The Black Lives Matter movement has resonated strongly with many in Australia — a country also wrestling with the legacy of a racist past.

During the interview, Morrison praised British explorer Captain James Cook and claimed, “there was no slavery in Australia”.

The remark was roundly rejected by historians and activists, who pointed to evidence of indentured Aboriginal workers and thousands of slaves taken from the Pacific islands to work on Australian sugar cane plantations.

Aboriginal Australians continue to be vastly over-represented in the prison population, and there have been more than 400 indigenous deaths in custody in the last few decades alone.

Morrison did not elaborate on what charges protesters face, but authorities have warned they will at least issue fines for violating restrictions on public gatherings.

Australia has seen sustained low levels of community transmission of the virus and only a handful of new cases now appear daily.

Restaurants, bars, and schools have reopened and many sports have restarted, though strict social distancing rules remain.

AFP

Anxiety Rises Over Attacks On Media Covering US Protests

Protesters demonstrate on June 1, 2020 in Amsterdam, to protest against the police killing of unarmed black man George Floyd in the USA. Sem VAN DER WAL / AFP / ANP
Protesters demonstrate on June 1, 2020 in Amsterdam, to protest against the police killing of unarmed black man George Floyd in the USA. Sem VAN DER WAL / AFP / ANP

 

A wave of attacks on journalists covering US protests is driving growing anxiety in the media, with some blaming President Donald Trump for creating an atmosphere that encourages violence.

Over the past week media watchdogs have logged scores of incidents of police violence against journalists — with crews shot at, beaten, kicked, pepper-sprayed or arrested — with many incidents captured on camera.

An open letter to law enforcement endorsed by 18 press freedom organizations including the National Press Club and Committee to Protect Journalists called for a halt to “the deliberate and devastating targeting of journalists in the field.”

A tally by media watchdog groups cited 192 press freedom violations during the latest wave of protests including 131 assaults, of which 108 were by police.

The tally included 31 arrests, 46 firings of rubber bullets, 30 cases of damage to equipment, 30 incidents of tear gas and 17 pepper sprayings.

Some media advocates say Trump’s persistent bashing of the mainstream press has opened the door to attacks by undermining the credibility of journalists covering the protests following the police killing of a black man in Minnesota last week.

“This definitely creates an atmosphere where you are likely to see attacks on reporters,” said Len Downie, a former Washington Post executive editor who is a professor at Arizona State University and authored a study earlier this year on the Trump administration and the media.

Downie said that while Trump may not explicitly encourage violence against the press, his harsh rhetoric “deepens the divide” over credibility.

“The country is split between those who believe the president and those who believe the press,” he said.

– ‘I’m with the press! –

Some stunned journalists took to Twitter recounting mistreatment, while others posted videos.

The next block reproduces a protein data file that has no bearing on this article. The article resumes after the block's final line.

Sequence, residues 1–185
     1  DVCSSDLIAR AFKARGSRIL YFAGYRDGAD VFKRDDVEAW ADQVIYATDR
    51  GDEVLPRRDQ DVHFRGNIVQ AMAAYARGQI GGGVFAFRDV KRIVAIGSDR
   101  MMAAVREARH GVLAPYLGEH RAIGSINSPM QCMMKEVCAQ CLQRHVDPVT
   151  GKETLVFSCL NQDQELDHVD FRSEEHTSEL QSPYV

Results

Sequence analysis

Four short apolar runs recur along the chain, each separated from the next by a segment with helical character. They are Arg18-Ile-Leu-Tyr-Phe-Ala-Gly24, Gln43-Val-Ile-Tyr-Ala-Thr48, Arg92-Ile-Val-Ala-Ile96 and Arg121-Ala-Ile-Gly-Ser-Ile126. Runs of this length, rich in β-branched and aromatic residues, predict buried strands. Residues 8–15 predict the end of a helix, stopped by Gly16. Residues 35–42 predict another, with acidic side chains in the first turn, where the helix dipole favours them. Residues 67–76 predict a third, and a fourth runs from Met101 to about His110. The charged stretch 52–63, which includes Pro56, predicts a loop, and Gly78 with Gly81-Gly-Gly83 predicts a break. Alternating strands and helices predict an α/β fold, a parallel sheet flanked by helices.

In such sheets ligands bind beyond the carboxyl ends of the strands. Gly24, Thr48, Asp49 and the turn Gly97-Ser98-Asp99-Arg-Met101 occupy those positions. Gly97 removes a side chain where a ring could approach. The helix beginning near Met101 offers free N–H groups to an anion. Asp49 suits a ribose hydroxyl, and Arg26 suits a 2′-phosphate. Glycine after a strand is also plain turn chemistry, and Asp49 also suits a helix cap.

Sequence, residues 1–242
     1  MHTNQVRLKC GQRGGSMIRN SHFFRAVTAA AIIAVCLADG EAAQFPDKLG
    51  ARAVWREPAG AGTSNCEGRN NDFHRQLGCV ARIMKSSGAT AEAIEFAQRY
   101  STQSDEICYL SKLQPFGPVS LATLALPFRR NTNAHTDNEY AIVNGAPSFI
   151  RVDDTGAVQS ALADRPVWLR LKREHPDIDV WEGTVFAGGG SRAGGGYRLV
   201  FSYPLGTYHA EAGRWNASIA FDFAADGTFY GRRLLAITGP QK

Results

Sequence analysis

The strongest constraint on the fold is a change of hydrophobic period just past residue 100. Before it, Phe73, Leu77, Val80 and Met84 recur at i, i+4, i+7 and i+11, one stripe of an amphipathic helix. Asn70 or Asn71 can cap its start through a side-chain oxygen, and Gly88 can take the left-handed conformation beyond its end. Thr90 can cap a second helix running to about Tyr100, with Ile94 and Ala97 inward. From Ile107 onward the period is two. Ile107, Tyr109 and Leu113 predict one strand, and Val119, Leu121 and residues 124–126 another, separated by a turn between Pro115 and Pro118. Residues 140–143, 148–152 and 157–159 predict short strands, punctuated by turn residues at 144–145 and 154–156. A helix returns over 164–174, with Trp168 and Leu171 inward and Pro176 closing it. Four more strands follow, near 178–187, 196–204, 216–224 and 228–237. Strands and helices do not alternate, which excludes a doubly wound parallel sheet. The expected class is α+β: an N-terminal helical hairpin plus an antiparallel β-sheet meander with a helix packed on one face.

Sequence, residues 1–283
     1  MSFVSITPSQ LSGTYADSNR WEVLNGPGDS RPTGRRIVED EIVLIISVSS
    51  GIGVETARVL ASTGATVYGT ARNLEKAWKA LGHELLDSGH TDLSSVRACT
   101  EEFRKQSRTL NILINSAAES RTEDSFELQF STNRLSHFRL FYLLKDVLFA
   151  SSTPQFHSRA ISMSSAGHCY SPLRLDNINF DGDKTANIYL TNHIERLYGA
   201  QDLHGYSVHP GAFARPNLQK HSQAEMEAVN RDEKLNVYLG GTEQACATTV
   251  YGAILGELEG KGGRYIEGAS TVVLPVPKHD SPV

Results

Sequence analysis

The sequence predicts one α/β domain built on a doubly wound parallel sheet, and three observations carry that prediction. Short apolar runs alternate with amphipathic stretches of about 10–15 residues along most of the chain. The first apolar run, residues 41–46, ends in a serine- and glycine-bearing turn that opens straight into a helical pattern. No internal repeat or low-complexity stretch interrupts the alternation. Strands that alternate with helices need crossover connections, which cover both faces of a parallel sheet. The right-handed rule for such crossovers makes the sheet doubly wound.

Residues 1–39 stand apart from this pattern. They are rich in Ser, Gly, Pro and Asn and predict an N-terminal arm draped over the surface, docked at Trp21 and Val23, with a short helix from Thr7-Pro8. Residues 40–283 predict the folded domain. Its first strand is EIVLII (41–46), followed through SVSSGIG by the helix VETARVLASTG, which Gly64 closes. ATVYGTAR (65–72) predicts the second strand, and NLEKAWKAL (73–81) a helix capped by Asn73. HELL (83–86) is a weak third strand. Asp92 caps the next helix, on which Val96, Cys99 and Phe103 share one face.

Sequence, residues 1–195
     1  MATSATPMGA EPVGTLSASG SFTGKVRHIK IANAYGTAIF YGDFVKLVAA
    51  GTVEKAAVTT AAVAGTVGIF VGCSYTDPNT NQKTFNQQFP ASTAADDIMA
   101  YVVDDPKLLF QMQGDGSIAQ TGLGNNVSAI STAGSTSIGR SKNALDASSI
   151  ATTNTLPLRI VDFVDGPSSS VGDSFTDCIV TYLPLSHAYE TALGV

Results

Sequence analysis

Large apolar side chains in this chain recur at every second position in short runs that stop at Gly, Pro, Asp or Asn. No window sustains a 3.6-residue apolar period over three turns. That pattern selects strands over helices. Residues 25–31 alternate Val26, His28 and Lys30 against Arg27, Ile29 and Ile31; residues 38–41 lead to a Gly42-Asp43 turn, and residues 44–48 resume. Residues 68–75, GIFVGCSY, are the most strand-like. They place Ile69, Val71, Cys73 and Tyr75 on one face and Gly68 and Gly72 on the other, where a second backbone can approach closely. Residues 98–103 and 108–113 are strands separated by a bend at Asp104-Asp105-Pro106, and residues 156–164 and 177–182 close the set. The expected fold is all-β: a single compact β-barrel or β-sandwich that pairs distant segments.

“After showing my badge and yelling ‘I am with the press’ a @RichmondPolice officer sprayed pepper spray in my face and shoved me to the ground. Had 3397 on his helmet,” tweeted radio reporter Roberto Roldan of Richmond, Virginia.

One video showed an Australian TV crew being pushed to the ground by police near the White House in Washington

“This is alarming,” said National Press Club president Michael Freedman.

“The instances I’ve seen have all included journalists playing by the rules, and we hope officials on the other side play by the same standards.”

Patricia Gallagher Newberry, president of the Society of Professional Journalists, said Trump’s attacks have had a “harmful effect.”

Instead of attacking the media, elected officials “should speak out in defense of journalists and call on the community to protect journalists,” Newberry said.

“This is not supposed to happen in the United Stated of America. We have press freedom built into our Constitution. So to see police and protesters attacking the storytellers is shocking, is disheartening, is illegal and it is really disturbing.”

– Making things worse –

Joel Simon, executive director of the Committee to Protect Journalists, also highlighted the importance of the Trump attacks on media.

“While Trump didn’t make covering US protests dangerous, he has made the situation worse,” Simon wrote in a column for the Columbia Journalism Review.

“It is certainly possible that the president’s anti-media rhetoric has emboldened local police, who are attacking and arresting journalists at a pace not seen in recent history. And it is also possible that some protesters who have attacked journalists are Trump supporters motivated by his denunciations of fake news.”

The latest incidents come with many media outlets taking an economic hit from the virus pandemic while struggling to keep readers informed on critical issues.

Media advocates say the shocking incidents underscore an erosion of respect for the constitutional guarantees of free press in recent years.

“The scenes that played out across the country over the last week cannot be covered from a ‘safe’ distance,” said Jon Schleuss, president of the NewsGuild, the union representing thousands of journalists.